Most of my diving has been in cold water. Not just the American definition of cold water, being anything less than 18ºC, but properly cold! UK winter diving of 5-6ºC for example, or Arctic Russia and Antarctic winter diving with sea temperature down to -1.8ºC, together with air temperature down to -20ºC.
Perhaps it’s the splendour of travelling to dive by skidoo, ice particles glinting in reflected sunlight all around, breathe freezing on the scarf around my neck. Or is it the battle with the elements, when spindrift snow enters every crevice of clothing and covers the newly cut ice-hole. Or the continuous struggle to keep equipment warm and dry, to prevent freshwater ice from entering then regulator and causing a free-flow. Excitement is present with every dive, senses ready to detect the first rattle of ice forming in the regulator, a pull on the rope to signal a problem, or the eerie whistle of a seal singing beneath the ice!
Diving during the Antarctic winter is an extraordinary experience and I feel very lucky to have had this rare opportunity. The Antarctic continental land exhibits extremes in physical characteristics and severity of climate. But underwater, seasonal sea temperature fluctuations are minimal, often varying only between +1 to -2ºC, making Antarctic waters one of the most thermally constant environments in the world. These cold waters, however, have a vast seasonal change in nutrients, providing abundant summer food to an array of marine organisms. Summer diving may resemble diving in pea-soup during plankton blooms, but in winter the visibility allows spectacular diving conditions. As the sea freezes, wind no longer stirs up the surface. Sea ice restricts light filtering to the water beneath, limiting plankton and algal growth. Particles settle out of the water column, icebergs ground and become fixed in the frozen surface. The challenge of SCUBA diving in these conditions includes drilling or chain sawing an ice-hole, protecting equipment against cold, keeping the tender on the surface warm against raw winds and freezing temperatures, and working as a team to ensure safe underwater work, managing scientific instruments and cameras whilst wearing 8mm thick neoprene mitts!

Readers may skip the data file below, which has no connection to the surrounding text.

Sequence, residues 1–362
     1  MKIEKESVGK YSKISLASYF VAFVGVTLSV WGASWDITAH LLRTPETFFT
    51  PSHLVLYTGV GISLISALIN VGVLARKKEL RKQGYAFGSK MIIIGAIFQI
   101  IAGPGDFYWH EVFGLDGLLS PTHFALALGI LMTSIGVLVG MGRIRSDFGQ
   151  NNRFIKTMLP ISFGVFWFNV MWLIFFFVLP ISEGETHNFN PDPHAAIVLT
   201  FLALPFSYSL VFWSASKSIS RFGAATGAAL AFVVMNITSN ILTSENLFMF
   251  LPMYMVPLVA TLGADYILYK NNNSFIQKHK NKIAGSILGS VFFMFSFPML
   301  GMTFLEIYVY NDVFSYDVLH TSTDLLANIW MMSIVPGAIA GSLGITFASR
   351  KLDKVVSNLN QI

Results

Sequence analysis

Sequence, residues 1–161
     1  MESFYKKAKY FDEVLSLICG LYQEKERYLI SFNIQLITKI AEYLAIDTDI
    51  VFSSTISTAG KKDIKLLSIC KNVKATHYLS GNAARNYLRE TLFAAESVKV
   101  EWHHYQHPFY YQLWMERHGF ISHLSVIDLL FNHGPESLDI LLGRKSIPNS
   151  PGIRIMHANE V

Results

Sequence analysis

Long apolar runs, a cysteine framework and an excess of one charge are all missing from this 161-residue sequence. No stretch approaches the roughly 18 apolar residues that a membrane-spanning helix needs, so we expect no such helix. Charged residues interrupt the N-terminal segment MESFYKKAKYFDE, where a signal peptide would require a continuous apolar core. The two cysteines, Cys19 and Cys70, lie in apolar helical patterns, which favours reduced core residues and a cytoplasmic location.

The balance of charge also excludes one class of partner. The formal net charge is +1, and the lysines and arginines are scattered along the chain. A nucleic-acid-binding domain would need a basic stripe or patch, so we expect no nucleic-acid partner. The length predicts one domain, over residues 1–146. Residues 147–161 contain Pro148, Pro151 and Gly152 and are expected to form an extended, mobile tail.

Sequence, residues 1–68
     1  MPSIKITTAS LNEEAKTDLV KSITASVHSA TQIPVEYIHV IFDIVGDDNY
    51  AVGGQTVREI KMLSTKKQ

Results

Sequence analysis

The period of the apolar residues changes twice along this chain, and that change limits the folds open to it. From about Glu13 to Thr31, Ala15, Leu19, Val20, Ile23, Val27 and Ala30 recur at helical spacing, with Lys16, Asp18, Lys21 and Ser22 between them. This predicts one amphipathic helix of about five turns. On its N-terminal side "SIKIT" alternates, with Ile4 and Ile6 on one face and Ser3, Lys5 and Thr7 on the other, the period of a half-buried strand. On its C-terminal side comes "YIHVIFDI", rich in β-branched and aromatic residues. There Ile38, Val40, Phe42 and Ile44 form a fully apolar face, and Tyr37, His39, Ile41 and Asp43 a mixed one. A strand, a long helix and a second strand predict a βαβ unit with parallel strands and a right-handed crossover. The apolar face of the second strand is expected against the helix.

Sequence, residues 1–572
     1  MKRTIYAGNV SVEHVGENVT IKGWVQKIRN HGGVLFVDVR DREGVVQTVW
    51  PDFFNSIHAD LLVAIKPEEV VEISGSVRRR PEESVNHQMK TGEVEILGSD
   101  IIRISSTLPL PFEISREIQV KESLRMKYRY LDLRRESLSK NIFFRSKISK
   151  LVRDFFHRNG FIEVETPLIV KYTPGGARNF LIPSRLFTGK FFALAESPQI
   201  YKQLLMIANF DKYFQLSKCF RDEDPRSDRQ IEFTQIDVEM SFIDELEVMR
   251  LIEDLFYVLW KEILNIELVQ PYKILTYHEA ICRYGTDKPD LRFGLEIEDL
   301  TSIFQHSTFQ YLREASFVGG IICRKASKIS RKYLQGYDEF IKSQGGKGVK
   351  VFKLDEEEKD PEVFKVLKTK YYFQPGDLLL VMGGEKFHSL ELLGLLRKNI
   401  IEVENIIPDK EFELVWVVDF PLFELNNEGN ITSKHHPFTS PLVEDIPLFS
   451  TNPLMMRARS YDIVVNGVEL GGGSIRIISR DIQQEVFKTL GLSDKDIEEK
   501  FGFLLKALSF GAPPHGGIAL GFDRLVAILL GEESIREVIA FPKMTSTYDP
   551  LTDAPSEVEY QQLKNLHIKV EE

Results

Under-ice diving is becoming more accessible to the adventurous (or mad?!) diver as centres in Russia, Norway and Canada run ice-diving courses. When Expedition Medicine first discussed a course in Medicine for Marine Environments, I thought that encompassing this with under ice diving would be ideal! The idea didn’t last for more than a breathe, and anyone wishing to go on the course will be pleased to hear that it will be run in Oman – in warm water!
The aim of the course is to provide medical and expedition experience for doctors hoping to go on future expeditions. We’ll experience a desert environment, based in a bay beside the Arabian Sea, with local guides and camp staff for support. Geographically we’ll be about 2½ hours south of Muscat, the capital of Oman. The minimum requirement for diving on the course is PADI Open Water Certificate, and there is opportunity before or after the course to gain further dive experience or qualifications at one of the Omani PADI Dive Centres.